·      The applicant(s) demonstrate ability to undertake and successfully complete the project. The application provides evidence that sufficient time and resources have been allocated to the effort. Appropriate institutional commitment to the project has been secured.

Any ALA member may apply, and the Jury would welcome projects that involve both a practicing librarian and a researcher.

Deadline Extended to February 19, 2018.

Procedures and an application form are available at: See the section on How to Apply

Also see related documents linked near the bottom of the page for:

·      Schedule and Procedures

·      Proposal Requirements and Application Cover Sheet:

The full press release is available at:

Questions?   Contact Billie Peterson-Lugo, Baylor University, at

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(via Gwen Gregory, University of Illinois at Chicago, on behalf of Chad Kahl, Illinois State University)

Illinois Wesleyan University, Illinois State University, and the Consortium of Illinois Academic and Research Libraries (CARLI) are partnering to bring the Engaging with the ACRL Framework Workshop to Normal on May 14. This one-day workshop focuses on engaging more deeply with the Framework and exploring ways that it may help to enrich individual teaching practices, as well as their local instruction programs and institutions. Throughout this workshop participants will explore concepts and pedagogical approaches outlined in the Framework and their significance to their own instructional work. Attendees will apply their learning and reflection to creating instruction plans for their local contexts and considering possibilities for growing teaching partnerships. The workshop will be led by Jenny Dale (University of North Carolina at Greensboro) and Kate L. Ganski (University of Wisconsin-Milwaukee).

Cohorts from the same institution are encouraged to attend and work together on their information literacy curriculum.

For more details on the workshop and presenters bios see:

When? May 14, 8AM-5PM

Where? ISU Alumni Center (1101 North Main, Normal, Illinois 61761) Cost? $50 for CARLI member librarians (Cost subsidized by CARLI, Limit 45 attendees) What’s included? Light breakfast, lunch, and printed workshop materials Registration?

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(via Gwen Gregory, University of Illinois at Chicago)

The University of Minnesota Libraries is pleased to offer the 11th biennial Minnesota Institute for Early Career Librarians from Traditionally Underrepresented Groups.  The Institute focuses on the development of library leaders from diverse backgrounds who are in the first three years of their professional careers. Participants will develop specific leadership abilities proven to be critical for organizational success, including knowledge and skills for successful program leadership and collaboration. The Minnesota Institute has over 250 graduates to date, including a notable number of luminaries in librarianship.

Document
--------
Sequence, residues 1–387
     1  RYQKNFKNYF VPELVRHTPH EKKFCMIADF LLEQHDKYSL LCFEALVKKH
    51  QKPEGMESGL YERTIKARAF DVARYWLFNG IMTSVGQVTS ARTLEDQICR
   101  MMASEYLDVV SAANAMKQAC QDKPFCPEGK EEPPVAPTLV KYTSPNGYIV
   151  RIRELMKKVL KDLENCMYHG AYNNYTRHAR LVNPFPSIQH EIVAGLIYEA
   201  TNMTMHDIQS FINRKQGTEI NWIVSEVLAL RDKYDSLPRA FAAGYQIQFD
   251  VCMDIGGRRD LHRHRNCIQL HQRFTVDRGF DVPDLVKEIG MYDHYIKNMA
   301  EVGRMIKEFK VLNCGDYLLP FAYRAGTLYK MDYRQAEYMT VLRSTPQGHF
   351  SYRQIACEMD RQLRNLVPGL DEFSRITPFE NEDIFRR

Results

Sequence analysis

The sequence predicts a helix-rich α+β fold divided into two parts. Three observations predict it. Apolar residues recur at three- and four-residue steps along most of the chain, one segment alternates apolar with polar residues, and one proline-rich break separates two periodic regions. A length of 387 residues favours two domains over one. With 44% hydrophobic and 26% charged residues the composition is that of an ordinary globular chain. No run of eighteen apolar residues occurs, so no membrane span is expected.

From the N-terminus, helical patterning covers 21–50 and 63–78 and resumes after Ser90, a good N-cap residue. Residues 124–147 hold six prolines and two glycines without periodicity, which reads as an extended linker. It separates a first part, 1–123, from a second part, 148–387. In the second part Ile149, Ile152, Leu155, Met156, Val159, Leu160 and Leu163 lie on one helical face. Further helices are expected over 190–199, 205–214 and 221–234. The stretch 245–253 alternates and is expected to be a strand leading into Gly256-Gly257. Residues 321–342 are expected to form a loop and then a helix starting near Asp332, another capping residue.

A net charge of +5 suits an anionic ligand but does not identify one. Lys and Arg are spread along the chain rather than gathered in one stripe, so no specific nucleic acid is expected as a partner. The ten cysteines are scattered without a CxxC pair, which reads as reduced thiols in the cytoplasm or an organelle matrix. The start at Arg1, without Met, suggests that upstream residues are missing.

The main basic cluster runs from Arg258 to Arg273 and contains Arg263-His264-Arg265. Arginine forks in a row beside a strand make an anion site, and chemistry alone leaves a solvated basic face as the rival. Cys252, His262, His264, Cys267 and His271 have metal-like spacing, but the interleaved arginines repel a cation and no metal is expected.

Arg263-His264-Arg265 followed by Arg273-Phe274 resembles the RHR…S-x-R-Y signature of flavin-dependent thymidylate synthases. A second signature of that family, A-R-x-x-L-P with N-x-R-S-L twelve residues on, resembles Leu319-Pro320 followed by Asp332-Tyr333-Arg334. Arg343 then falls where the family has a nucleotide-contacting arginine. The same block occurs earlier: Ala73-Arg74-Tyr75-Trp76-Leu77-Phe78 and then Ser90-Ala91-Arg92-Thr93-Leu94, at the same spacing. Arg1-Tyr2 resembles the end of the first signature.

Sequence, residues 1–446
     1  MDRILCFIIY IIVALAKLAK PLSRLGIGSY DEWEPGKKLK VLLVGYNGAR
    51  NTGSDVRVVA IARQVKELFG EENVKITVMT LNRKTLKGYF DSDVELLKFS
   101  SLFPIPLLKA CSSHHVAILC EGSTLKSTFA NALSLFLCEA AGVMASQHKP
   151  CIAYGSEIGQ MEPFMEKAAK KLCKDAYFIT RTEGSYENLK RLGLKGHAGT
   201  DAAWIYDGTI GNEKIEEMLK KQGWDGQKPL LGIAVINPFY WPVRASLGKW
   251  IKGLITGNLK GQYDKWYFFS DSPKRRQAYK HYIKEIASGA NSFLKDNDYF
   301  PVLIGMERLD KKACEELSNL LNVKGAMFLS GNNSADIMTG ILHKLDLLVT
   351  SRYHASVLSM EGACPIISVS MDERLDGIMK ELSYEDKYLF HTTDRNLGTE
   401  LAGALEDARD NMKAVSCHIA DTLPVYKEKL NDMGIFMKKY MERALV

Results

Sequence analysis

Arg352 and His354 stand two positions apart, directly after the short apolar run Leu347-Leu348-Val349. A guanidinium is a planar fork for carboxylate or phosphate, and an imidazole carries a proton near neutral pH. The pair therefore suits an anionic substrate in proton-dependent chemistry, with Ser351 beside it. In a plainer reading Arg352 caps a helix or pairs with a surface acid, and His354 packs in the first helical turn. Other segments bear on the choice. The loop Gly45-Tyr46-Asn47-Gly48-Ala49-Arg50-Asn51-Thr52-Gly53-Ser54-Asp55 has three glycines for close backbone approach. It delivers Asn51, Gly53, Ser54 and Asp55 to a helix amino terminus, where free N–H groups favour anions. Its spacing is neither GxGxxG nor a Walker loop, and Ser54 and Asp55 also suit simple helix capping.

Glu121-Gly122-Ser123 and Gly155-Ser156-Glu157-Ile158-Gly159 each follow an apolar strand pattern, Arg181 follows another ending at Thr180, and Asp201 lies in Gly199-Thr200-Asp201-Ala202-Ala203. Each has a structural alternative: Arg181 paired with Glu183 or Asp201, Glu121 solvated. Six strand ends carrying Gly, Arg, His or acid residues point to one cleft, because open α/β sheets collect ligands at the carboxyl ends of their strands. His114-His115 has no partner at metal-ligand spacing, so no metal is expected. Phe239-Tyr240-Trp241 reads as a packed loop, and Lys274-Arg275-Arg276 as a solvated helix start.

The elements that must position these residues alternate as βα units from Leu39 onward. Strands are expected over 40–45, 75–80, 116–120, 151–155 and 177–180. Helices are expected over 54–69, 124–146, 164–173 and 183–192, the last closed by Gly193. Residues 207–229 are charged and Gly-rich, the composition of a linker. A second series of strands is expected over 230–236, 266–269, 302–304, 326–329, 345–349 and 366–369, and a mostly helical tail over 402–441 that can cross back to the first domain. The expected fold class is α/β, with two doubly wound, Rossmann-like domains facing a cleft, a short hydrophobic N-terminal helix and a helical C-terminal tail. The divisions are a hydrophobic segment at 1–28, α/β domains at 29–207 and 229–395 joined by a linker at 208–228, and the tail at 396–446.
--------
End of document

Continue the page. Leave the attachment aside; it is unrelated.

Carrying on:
Consultants Kathryn Deiss and DeEtta Jones will co-lead the Institute.  They will be joined by Trevor Dawes (University of Delaware), Harriett Green (University of Illinois Urbana-Champaign), and a number of University of Minnesota leaders.

Program and application details are available at: The application deadline is Saturday, March 10, 2018. If you have any questions, please contact Dawn Mueller, ACRL Senior Production Editor, at

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(via Carolyn Ciesla, IACRL President, on behalf of Andrew Adler, Georgetown (KY) College)

Registration is now open for the 2018 KLA/SLA Joint Spring Conference being held at General Butler State Resort Park in Carrollton, KY on April 4 – 6, 2018. The theme of this year’s Conference is “User Experience: Where the User and the Library Meet”. Attendees can register here: You may register for the Joint Spring Conference using this form whether you are paying by check or credit card. If paying by credit card make sure to go to the SLA – Kentucky Chapter website and use the PayPal options there: Credit card payments will include a $4 processing fee.

The Conference Planning Committee has blocked off lodge rooms and cottages for conference attendees at General Butler State Resort Park. We encourage attendees to make their reservations as soon as possible. In order to reserve a room, call the Main Lodge at 502-732-4384 and identify yourself as being with the Kentucky Library Association Conference. You can also provide them with our group number – 2494 – in order to receive the conference discount rate. Reservations can be made 24/7 by calling the number above. We have also included an informational flier which provides highlights about the park and its amenities.

Should you have any questions, including if you are interested in viewing a draft schedule of the Conference, please do not hesitate to contact the Conference Coordinator, Andrew Adler, at We thank you for your interest in the Conference and look forward to seeing you in Carrollton.